Dating Violence.  Violence committed in a “dating relationship,” which is defined as a romantic or intimate social relationship between two adult individuals; “dating relationship” does not include a casual relationship or an ordinary fraternization between two individuals in a business or social context.  A court shall determine if a dating relationship existed by considering the length of the relationship, the type of the relationship, and the frequency of the interaction between the adult individuals involved in the relationship [ § 813.12(1)(ag), Wis. Stats.].

Domestic Violence.  Any of the following engaged in by an adult family member or adult household member against another adult family member or adult household member, by an adult caregiver against an adult who is under the caregiver’s care, by an adult against his or her adult former spouse, by an adult against an adult with whom the individual has or had a dating relationship, or by an adult against an adult with whom the person has a child in common [ §§ 813.12 (1)(am) and 968.075, Wis. Stats.]:

  1. Intentional infliction of physical pain, physical injury, or illness.
  2. Intentional impairment of physical condition.
  3. A violation of the state statute regarding sexual assault [ § 940.225(1), (2) or (3), Wis. Stats.].
  4. A violation of the state statute regarding stalking [ § 940.32, Wis. Stats.].
  5. A violation of the state statute regarding damage to property [ § 943.01, Wis, Stats.], involving property that belongs to the individual.
  6. A threat to engage in any of the conduct under 1 through 5 listed above [ §§ 813.12 (1)(am) and 968.075, Wis. Stats.].

 

Employee.  Any individual who holds a faculty, academic staff, university staff, limited, student employment, employee-in-training, temporary, or project appointment.  ( See, e.g., UPS Operational Policy, GEN 0, General Terms and Definitions ( https://www.wisconsin.edu/ohrwd/download/policies/ops/gen0.pdf))

Executive Order 54.  Executive Order issued by Governor Walker in 2011 requiring that university employees report incidents of child abuse and neglect which they observe or witness in the course of their employment.  Such reports must be personally and immediately made to law enforcement or the county department of social services or human services.
( https://docs.legis.wisconsin.gov/code/executive_orders/2011_scott_walker/2011-54.pdf)

Hostile Environment.  A hostile work, academic, or program-related environment is created when one engages in harassment that consists of unwelcome verbal or physical conduct directed at another individual because of that individual’s gender, and that has the purpose or effect of creating an intimidating, hostile, or offensive work, academic, or program-related environment or has the purpose or effect of substantially interfering with that individual’s work or academic performance.  Substantial interference with an employee’s work or academic performance or creation of an intimidating, hostile, or offensive work, academic, or program-related environment is established when the conduct is such that a reasonable person under the same circumstances as the student or employee would consider the conduct sufficiently severe or pervasive to interfere substantially with the person’s work or academic performance or to create an intimidating, hostile, or offensive work or learning environment. [ See, e.g.,§ 111.36(1)(b), Wis. Stats.]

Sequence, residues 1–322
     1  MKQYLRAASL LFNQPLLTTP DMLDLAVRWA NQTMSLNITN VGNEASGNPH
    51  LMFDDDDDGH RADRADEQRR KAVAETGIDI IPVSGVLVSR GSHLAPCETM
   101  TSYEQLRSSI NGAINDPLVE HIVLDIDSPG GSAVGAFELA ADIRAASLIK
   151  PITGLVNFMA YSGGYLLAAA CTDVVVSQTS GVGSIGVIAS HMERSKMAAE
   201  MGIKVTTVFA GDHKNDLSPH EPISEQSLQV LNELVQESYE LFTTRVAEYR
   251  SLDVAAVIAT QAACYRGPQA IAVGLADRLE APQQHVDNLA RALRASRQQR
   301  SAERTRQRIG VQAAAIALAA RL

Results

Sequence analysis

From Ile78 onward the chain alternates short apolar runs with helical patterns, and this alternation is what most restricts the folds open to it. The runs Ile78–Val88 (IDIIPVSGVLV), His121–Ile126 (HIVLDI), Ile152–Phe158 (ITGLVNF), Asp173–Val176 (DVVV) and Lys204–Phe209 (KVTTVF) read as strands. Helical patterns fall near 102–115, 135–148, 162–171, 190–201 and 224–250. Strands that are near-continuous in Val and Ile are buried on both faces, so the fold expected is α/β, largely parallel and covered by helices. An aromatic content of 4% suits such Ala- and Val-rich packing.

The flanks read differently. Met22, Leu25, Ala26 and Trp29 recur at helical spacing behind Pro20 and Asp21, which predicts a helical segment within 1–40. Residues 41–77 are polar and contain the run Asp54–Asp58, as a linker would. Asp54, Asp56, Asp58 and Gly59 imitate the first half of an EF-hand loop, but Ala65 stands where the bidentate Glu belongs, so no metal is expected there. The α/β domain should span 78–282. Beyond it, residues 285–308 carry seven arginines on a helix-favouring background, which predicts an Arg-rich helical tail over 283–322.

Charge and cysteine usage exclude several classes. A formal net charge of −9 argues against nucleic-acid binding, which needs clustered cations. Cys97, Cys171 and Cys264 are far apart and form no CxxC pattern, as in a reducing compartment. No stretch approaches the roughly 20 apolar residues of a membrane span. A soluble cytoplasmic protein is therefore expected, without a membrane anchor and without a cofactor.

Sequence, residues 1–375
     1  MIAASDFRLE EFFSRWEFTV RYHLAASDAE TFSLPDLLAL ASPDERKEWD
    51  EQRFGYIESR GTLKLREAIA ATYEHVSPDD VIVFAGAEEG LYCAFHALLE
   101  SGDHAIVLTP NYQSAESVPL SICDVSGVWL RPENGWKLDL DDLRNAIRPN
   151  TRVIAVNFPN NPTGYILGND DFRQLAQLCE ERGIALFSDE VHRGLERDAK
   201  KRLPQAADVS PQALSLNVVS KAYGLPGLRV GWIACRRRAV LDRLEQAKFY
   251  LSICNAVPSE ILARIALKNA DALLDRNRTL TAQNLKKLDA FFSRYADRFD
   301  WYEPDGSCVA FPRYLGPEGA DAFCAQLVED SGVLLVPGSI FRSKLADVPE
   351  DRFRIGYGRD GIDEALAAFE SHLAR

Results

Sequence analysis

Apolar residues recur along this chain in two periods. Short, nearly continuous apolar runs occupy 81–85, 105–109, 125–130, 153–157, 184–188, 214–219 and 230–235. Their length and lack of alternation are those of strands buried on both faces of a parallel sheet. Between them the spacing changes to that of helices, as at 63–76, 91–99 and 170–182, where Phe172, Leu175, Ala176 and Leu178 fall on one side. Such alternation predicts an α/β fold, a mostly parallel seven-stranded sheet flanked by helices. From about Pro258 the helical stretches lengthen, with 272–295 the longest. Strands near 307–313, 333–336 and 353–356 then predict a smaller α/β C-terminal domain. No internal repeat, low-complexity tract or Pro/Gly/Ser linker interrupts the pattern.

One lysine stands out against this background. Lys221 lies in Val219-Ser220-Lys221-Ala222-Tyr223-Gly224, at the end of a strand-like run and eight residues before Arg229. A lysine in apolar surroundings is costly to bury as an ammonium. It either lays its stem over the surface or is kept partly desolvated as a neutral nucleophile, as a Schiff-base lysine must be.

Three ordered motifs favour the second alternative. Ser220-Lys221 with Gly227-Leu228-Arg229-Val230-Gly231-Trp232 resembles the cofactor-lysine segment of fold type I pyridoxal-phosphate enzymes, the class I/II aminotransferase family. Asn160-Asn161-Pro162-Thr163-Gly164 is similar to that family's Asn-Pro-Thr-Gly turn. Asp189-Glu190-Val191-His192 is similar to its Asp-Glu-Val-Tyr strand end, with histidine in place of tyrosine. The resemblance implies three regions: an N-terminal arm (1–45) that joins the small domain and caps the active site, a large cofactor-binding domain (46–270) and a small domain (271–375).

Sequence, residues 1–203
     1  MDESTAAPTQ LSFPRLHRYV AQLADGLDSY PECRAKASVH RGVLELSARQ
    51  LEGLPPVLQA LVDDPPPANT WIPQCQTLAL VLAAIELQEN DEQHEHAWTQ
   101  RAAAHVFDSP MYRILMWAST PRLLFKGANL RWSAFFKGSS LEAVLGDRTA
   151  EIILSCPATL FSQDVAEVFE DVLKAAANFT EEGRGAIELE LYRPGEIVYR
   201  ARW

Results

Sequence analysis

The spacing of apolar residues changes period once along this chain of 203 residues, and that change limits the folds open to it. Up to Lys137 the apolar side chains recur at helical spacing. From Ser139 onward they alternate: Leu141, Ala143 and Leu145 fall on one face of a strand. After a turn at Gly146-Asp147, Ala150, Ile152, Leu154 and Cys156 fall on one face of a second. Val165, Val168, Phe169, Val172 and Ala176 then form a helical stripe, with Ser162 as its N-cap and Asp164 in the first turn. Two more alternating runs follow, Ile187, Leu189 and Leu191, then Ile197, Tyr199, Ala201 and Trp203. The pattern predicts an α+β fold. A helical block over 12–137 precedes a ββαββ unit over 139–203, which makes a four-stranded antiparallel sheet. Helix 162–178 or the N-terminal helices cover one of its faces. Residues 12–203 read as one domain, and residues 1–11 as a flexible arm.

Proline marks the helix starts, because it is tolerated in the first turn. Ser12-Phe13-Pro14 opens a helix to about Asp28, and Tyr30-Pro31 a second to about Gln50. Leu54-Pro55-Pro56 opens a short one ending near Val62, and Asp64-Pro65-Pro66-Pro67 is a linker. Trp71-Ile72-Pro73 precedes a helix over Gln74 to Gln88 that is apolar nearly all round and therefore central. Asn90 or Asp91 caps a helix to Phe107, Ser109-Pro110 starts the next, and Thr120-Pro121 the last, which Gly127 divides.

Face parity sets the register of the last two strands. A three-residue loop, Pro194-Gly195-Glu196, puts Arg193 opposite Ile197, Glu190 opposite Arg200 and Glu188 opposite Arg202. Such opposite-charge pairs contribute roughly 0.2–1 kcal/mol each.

Incapacitation.  As it applies to this policy, the state of being unable to physically and/or mentally make informed rational judgments and effectively communicate, and may include unconsciousness, sleep, or blackouts, and may result from the use of alcohol or other drugs.  Where alcohol or other drugs are involved, evaluation of incapacitation requires an assessment of how the consumption of alcohol and/or drugs affects a person’s decision-making ability; awareness of consequences; ability to make informed, rational judgments; capacity to appreciate the nature and quality of the act; or level of consciousness.  The assessment is based on objectively and reasonably apparent indications of incapacitation when viewed from the perspective of a sober, reasonable person.

Office for Civil Rights.  The U.S. Department of Education office that is responsible for enforcing Title VI of the Civil Rights Act of 1964, Title IX of the Education Amendments of 1972, and other education-based discrimination acts. http://www2.ed.gov/about/offices/list/ocr/complaints-how.html